My dies and 4 rifle chambers are all .005 larger at the head than a Mannlicher Schonauer case and die set.
    I use either a .308 or 7.35 Carcano FL die to push the shoulder back. Then a 7mm-08, then a 6.5 Carcano trim die is used to reduce the neck. Then a 6.5X53R trim die is used to form the body.
    Finally a 6.5X53R FL die is used.
    With care you can get 100% yield.

    I used ratty old multiple fired .303 cases to develop the process. I totally ruined about 15 cases. Federal brass would sometimes form perfectly with just the last trim die.
    Sometimes it would accordion at the shoulder and collapse.
    Last edited by EDG; 01-09-2018 at 09:47 PM.
    EDG

  9. #9
    Boolit Buddy
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    The most unusual cases I have formed 6.5 from are 220 Swift....bit of a bulge ,and they dont fit the clips.If you use 303 cases ,Remington are smallest base ,and never fail to fit............for the information of those not owning these guns,the bolt face (head) is flat,the rim is held between a tiddly extractor and the sliding ejector.I have converted a few to 303 using a smelly barrel,in the day when a new Lithgow H barrel was $30.

  10. #10
    Quote Originally Posted by pworley1 View Post
    Grafs should have just about everything you will need. They usually will have the 8mm dies and brass. Lee makes a mold just for it and they usually have the mold in stock. If you don't want to pay $180.00 dollars for the 6.5 Dutch dies, you can use 6,5 x 54 Mannlicher dies fro Lee and form brass from 303 British brass. Have fun.
    Probably you can, but it would be useful to hear from someone who has done it, exactly how that pans out with the Lee dies. The 6.5x54 is thinner in the neck, different accounts varying as to how much. Just looking at the database in my "Loads from a Disk", the rimmed round seems about .005in. smaller in the shoulder diameter, which might impede chambering, but more likely won't. I would neck-size as much as I can, and anneal the shoulder now and again. I don't think there is much doubt about .303 being the best starting point, as it was and is frequently done in the UK.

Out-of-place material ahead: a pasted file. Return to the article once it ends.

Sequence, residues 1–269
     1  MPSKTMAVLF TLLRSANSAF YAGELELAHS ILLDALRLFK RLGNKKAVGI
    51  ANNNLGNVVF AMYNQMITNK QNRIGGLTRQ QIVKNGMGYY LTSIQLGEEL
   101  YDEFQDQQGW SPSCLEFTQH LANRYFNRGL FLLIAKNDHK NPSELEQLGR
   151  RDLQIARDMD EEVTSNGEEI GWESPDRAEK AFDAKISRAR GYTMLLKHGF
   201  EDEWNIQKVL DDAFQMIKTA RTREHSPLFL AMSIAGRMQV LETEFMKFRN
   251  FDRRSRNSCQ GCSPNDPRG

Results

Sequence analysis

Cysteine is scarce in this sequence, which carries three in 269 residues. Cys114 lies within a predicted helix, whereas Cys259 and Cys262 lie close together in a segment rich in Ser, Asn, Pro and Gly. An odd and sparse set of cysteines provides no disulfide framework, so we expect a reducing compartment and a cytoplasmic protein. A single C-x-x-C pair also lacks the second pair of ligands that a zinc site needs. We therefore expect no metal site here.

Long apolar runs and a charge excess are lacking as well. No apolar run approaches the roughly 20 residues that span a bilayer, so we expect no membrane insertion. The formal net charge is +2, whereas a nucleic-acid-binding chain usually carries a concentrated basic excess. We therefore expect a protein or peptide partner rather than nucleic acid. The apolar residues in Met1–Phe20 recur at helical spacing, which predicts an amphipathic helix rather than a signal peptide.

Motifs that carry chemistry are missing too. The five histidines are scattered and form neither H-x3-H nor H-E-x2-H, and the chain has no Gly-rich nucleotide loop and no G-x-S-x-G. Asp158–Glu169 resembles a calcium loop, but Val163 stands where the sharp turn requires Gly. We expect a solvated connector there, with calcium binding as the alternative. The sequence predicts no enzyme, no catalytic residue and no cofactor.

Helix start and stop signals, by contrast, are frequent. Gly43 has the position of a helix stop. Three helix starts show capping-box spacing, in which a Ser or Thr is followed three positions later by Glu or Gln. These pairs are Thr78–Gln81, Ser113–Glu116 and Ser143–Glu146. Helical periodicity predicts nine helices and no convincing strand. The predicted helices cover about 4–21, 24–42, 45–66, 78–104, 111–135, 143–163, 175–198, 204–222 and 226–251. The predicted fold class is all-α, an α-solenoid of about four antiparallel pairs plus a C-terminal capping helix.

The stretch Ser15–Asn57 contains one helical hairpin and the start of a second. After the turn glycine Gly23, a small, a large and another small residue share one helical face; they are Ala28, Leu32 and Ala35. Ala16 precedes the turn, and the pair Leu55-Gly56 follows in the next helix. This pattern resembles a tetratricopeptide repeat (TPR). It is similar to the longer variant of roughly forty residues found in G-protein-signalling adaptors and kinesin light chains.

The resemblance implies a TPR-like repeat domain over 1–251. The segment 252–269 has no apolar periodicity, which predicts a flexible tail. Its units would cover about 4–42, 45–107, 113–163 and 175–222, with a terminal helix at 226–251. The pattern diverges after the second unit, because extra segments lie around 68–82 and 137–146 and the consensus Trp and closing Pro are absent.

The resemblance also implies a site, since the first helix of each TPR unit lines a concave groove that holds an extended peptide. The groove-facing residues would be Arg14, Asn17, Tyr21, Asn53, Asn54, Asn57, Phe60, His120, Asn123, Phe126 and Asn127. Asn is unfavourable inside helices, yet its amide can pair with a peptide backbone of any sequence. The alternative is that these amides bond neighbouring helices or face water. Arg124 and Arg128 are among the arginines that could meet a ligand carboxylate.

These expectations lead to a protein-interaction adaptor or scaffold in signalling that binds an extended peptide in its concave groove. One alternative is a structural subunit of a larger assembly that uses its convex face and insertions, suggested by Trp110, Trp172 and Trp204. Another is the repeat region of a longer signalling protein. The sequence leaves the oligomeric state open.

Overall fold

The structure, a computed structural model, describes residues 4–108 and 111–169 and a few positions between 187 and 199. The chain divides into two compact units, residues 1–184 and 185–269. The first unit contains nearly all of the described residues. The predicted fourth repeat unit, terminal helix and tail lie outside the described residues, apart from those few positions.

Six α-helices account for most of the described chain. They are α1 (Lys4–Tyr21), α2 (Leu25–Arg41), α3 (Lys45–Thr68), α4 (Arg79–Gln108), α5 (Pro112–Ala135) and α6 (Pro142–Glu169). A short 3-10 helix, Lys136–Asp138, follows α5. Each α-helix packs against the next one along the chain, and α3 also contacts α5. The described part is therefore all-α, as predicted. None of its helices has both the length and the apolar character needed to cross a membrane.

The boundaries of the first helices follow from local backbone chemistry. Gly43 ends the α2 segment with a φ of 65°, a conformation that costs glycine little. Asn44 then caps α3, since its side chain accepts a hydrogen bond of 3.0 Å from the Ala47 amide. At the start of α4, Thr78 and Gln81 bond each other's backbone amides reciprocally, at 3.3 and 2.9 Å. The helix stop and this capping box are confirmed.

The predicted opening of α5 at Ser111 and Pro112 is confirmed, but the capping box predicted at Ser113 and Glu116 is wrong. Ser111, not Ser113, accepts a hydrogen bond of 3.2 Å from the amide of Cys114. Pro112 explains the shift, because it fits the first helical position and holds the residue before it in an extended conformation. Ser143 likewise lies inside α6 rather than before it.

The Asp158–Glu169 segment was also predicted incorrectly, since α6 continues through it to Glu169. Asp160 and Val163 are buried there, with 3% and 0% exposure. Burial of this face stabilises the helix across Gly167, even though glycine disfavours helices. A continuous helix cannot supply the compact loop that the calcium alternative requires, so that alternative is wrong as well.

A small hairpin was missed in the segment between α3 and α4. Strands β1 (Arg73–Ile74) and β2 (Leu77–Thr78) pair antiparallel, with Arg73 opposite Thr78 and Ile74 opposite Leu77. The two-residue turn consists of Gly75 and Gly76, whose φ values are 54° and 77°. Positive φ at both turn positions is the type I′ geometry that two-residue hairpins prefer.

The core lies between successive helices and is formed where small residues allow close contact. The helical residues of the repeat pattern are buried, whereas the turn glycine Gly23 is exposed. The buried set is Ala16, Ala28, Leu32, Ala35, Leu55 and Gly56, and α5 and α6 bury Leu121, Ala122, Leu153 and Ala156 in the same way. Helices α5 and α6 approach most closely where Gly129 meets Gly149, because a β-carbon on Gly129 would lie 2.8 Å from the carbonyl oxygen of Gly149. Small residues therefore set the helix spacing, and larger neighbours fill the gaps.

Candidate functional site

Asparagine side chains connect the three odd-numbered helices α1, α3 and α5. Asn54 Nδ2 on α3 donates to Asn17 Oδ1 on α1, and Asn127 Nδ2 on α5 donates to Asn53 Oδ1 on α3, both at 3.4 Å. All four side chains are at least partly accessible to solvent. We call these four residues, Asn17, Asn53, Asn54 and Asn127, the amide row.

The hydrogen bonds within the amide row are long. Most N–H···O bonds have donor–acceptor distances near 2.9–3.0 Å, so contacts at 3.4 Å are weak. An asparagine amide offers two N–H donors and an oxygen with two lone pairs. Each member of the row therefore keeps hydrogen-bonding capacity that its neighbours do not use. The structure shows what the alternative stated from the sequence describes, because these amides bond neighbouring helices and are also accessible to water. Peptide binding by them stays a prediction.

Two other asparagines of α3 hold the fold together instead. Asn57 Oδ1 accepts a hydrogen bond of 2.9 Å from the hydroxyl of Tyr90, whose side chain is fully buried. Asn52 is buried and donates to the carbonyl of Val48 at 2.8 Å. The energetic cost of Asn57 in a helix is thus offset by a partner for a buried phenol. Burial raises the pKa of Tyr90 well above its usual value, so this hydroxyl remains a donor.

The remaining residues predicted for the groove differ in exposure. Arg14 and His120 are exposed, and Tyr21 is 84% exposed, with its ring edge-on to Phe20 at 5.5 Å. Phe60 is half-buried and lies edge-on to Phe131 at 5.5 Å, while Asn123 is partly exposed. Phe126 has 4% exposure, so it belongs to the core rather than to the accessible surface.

Both are extremely good rifles, without a record of defective manufacture that I know of. The short neck of the 8x50R isn't the best. With cast bullets you wouldn't want lube grooves or paper patching exposed behind the neck, and grooves exposed in front would have to be carefully protected from dirt or loss of lube. But that isn't an insuperable problem.

    You should check, though, that it hasn't been rechambered for the 8x56R Hungarian round, after that country split away from the former Empire. Maybe there are markings you can fine out about online, but failing that you need a chamber cast. It is arguable that the 8x56R is a better cartridge, with its longer neck. Moulds are available, and you can size down .338 bullets, even jacketed, to the necessary .330 or so. I got good results from an NEI .330-245-GC in the Portuguese Guedes, and while many say NEI aren't like they were in their Walt Melander years, they presumably use the same tooling and most of the time don't misuse it.